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Oct 5, 2017

Split Lokotrack crushes rocks deep down in a tunnel in Austria

Getting a Lokotrack jaw plant weighing over 40 tonnes down to a 400-meter-deep tunnel using just a narrow shaft may sound like an impossible mission. Metso took this challenge, and engineered and built the world’s first split LT106E, which is now crushing at full speed the rocks extracted from the Semmering Base Tunnel, a railway tunnel in Austria.
A Lokotrack jaw plant in a tunnel.

A special split Lokotrack

“We actually had two simple-sounding requests for Metso. In addition to being a full electrically driven unit, it needed to be split into parts no longer than seven meters for lowering. And secondly, the constant crushing capacity had to reach 300 tonnes per hour to meet our crushing demand,” comments technician Christoph Koman from Swietelsky Tunnelbau. “The disassembly, lowering and re-assembly in the tunnel went well, and since April 2017, the unit has proven itself reliable and powerful enough to meet our capacity requirements,” Koman says.

The disassembly, lowering and re-assembly in the tunnel went well, and since April 2017, the unit has proven itself reliable and powerful enough to meet our capacity requirements.
Christoph Koman, technician, Swietelsky Tunnelbau

Twin tunnel started from the middle

The Semmering Base Tunnel is part of the huge trans-European high-speed railway project, starting from Gdynia, Poland, and ending in Ravenna, Italy. Because of the mountain areas, several long tunnels are being dug, especially in Austria. The projects consist of twin tunnels with total lengths of 27.3 kilometers, bored by ARGE Tunnel Fröschschnitzgraben, a joint venture between Implenia and Swietelsky Tunnelbau. The new tunnel, together with Koralmbahn, will shorten the travel time between Vienna and Klagenfurt from four hours to less than two-and-a-half hours. The contract of the joint venture is the middle tunnel section, 24 km in length. Because of the varying rock conditions, it was decided to start the project from the middle of the tunnel by boring two 400-metre-deep shafts. After completing the shafts and caverns in March 2017, the tunneling work started in both directions in March 2017. The tunnel is seven meters wide and ten meters high. In addition, a 25-meter-wide and 17-meter-high rescue tunnel is being bored. All the blasted materials are lifted through the shaft.

Lokotrack lowered in three parts

The Metso Tampere Works designed the LT106E jaw plant so that the chassis can be split easily into two parts. In addition, the feeder was disassembled for lowering down with the elevator. Down at a depth of 400 m, the Lokotrack was assembled again to be ready for crushing.

Being fully electric, the LT106E is fed by wheel loaders, which carry the blasted materials from both tunnel heads. The feed is 0–600 mm in size, and the task of the C106 jaw-operated plant with an 85 mm closed side setting is to make sure that all the rocks being elevated are smaller than 150 mm.

Two big elevators lift the crushed materials up 400 meters to ground level, with each batch weighing 65–70 tonnes.

The extracted materials to be crushed contain a variety of gneiss and slate, and are very abrasive, too.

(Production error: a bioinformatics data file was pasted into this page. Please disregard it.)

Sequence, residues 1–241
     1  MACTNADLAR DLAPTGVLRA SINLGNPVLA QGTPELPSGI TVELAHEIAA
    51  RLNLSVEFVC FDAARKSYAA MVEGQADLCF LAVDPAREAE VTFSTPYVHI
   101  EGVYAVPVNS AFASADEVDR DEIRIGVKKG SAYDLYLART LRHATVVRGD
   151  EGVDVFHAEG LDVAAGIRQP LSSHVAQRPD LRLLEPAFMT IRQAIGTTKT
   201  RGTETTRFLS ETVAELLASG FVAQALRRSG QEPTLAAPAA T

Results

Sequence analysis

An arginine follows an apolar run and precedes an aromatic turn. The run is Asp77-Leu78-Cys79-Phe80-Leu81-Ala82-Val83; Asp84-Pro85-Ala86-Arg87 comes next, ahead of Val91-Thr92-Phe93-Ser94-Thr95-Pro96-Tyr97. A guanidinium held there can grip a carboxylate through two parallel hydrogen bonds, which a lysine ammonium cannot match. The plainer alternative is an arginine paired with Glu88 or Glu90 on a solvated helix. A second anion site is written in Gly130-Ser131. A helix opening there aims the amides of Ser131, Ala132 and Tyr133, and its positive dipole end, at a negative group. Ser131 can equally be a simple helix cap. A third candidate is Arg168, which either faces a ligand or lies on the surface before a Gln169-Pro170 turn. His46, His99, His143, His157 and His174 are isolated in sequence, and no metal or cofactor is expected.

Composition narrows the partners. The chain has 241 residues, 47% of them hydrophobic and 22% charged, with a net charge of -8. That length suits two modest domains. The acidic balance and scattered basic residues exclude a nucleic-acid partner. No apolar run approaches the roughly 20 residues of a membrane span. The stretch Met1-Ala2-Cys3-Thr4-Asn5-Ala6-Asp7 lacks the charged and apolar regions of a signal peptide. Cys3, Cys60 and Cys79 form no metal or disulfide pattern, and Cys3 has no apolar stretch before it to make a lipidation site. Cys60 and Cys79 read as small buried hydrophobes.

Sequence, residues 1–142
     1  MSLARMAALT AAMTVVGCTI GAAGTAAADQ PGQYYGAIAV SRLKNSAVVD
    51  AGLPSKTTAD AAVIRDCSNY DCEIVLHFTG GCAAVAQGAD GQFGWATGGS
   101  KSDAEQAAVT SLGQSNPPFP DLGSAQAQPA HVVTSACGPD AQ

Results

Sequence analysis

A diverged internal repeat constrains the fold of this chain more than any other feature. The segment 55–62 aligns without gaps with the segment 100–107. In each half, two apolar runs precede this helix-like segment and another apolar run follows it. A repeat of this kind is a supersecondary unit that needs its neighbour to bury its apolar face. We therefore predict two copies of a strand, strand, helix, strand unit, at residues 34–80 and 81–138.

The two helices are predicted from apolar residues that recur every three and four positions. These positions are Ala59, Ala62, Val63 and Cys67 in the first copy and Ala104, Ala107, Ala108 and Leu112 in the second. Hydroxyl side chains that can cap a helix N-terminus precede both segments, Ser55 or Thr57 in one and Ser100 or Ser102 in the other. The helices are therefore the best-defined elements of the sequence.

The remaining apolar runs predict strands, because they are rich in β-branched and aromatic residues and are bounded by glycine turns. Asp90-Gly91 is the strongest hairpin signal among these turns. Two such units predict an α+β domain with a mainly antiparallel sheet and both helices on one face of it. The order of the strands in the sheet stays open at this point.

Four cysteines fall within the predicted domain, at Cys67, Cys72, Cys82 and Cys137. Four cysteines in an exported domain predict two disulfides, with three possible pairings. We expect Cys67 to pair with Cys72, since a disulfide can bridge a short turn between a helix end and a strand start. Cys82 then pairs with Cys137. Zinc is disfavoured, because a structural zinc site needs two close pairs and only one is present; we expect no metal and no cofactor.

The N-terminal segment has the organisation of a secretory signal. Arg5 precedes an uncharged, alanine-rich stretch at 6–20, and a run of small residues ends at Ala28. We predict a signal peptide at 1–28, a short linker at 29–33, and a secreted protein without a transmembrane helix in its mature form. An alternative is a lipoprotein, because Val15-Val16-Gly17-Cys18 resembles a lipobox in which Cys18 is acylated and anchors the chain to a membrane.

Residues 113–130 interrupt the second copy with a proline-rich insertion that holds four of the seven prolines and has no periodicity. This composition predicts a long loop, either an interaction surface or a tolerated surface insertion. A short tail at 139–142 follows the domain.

Promising start to a 1.2-million-tonne job

After two months of crushing operations, Christoph Koman is confident about the capability of Metso’s Lokotrack to handle the required amount of 1.2 million tonnes. The start has been promising, with no extra stoppages.

“We appreciate the reliability and crushing capacity of our Lokotrack. The unit runs smoothly, meeting our need of approximately 8–10 hours per day, and it meets the planned capacity of 300 tonnes per hour. The full unit capacity will be needed by next year at the latest, when we have to process the biggest material volumes.”

“Metso’s LT106E jaw plant has proven to be a reliable crushing plant causing no stoppages in our materials processing,” says technician Christoph Koman from Swietelsky Tunnelbau.

“This jaw plant with IC steering is easy to use for our operators. The adjustable hydraulic crusher setting is also a big plus – we do not need to stop crushing while adjusting the jaw. This adds to our operational uptime,” Koman adds.

Five men standing in front of Lokotrack
The crushing team down in the Semmering Base Tunnel: Technician Christoph Koman from the ARGE tunnel joint venture (left), with sales manager Norbert Höller, and operators Michael Stopacher, Jürgen Wild and Elvis Cehic.
We appreciate the reliability and crushing capacity of our Lokotrack. The unit runs smoothly, meeting our need of approximately 8–10 hours per day, and it meets the planned capacity of 300 tonnes per hour.
Christoph Koman

From bunker up and 2.9 km with conveyors

After primary crushing, the rock is temporarily stored underground with hoppers. Two elevators with a combined capacity of 800 tonnes per hour take the material to the surface. At the surface, the aggregates are transported with static conveyors 2.9 km away for filling. Due to the varying geology, the extracted aggregates cannot be used, for example, to produce concrete or road base.

 

*Metso Outotec was formed July 1, 2020 when Metso and Outotec merged into one company. This case study has been written prior to the merger under the old company name.

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